Population and environment


Extreme temperatures and morbidity in old age in Europe


Francesca Zanasi


Understanding the relationship between extreme temperatures and health among older adults is of paramount importance for public health in ageing societies. This study aims to enhance our understanding of the impact of extreme temperatures on morbidity, i.e. the risk of being hospitalised, using medications for heart conditions, and experiencing the onset of cardiovascular diseases (CVDs) among older adults in Europe (65+ years old) using five waves from the Survey of Health, Ageing and Retirement in Europe (SHARE, 2004–2015). It also explores heterogeneity in this impact depending on an array of factors that affect exposure and vulnerability to climate, including geographical location, gender, age, educational level, having a partner/child and living in an urban or a rural area. Results from individual fixed-effects models show that extremely cold temperatures increase the risk of being hospitalised and suffering from CVDs, while heat exposure has no noteworthy effect. Broken down by geographical location, the results indicate that one additional extremely cold day influences the risk of hospitalisation in the coldest and the warmest European regions, while extreme heat influences this risk in the warmest European regions. Finally, the oldest old and low educated individuals appear to be the most vulnerable social groups. The study concludes by discussing the advantages and the limitations of using survey data to study climate and health, and the strategies suggested by the relevant literature to prevent temperature-related illness.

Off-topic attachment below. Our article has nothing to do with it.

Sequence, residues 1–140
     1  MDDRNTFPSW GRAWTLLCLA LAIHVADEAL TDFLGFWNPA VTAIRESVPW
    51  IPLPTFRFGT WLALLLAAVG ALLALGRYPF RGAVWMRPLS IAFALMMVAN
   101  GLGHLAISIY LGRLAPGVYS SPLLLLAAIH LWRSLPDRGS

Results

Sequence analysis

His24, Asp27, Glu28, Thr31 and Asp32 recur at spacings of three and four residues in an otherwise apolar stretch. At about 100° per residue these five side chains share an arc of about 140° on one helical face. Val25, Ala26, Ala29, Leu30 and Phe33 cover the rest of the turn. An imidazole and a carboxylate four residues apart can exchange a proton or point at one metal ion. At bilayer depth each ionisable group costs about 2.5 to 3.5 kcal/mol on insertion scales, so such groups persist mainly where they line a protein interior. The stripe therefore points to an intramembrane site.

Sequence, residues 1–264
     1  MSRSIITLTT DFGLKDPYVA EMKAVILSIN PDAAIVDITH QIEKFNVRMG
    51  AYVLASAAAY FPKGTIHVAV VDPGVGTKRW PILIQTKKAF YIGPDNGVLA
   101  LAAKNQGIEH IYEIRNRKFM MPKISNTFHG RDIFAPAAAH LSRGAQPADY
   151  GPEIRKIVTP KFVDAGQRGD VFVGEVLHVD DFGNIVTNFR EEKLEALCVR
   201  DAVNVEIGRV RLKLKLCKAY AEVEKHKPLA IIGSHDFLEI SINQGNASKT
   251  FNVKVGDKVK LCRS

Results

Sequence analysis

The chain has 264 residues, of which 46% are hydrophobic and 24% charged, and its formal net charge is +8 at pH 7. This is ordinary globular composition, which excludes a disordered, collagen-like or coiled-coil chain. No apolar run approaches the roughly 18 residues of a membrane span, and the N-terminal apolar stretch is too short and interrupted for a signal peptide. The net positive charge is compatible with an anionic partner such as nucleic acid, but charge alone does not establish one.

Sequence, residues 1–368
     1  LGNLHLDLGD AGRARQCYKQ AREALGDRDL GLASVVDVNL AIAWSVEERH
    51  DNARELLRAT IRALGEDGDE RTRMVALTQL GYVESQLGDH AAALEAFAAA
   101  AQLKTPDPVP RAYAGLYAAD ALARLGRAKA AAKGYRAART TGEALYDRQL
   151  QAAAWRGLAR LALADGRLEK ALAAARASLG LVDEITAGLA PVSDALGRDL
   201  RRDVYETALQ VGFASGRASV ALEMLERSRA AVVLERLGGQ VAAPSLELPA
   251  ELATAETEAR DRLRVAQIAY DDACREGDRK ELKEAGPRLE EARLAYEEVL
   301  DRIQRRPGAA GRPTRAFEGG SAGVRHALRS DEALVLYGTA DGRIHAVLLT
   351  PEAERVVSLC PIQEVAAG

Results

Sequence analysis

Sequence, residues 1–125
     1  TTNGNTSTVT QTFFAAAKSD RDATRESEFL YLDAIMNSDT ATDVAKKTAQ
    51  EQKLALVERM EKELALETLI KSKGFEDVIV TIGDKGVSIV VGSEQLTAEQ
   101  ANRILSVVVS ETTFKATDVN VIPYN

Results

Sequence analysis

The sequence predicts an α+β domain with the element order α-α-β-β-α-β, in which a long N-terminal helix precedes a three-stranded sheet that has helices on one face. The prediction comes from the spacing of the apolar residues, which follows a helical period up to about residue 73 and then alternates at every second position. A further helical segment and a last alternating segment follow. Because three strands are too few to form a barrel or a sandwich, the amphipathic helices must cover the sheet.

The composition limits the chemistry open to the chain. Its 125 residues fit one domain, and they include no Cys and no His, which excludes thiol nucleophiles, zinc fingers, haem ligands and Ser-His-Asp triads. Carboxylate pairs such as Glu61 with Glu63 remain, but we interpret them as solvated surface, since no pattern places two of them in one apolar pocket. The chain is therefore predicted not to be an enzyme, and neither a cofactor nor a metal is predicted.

Population and Climate Change: Decent Living for All without Compromising Climate Mitigation


Raya Muttarak

In recent years, the idea of having fewer children or not having children at all has been put forward by some climate activists as way to tackle climate change. A few scientific studies have demonstrated some evidence that younger generations view climate change as a reason for intending not to have children.1,2 This phenomenon may point to the Malthusian theory of the negative relationship between population and environment, whereby population growth is seen to cause environmental deterioration due to higher demand for food, water, land and other materials. With respect to climate change, the expansion from a world of 2 billion people in 1927 to the present world of 8 billion naturally means increased demand for energy, which is still mainly based on fossil fuels. Consequentially, as the global population grows, carbon emissions also increase.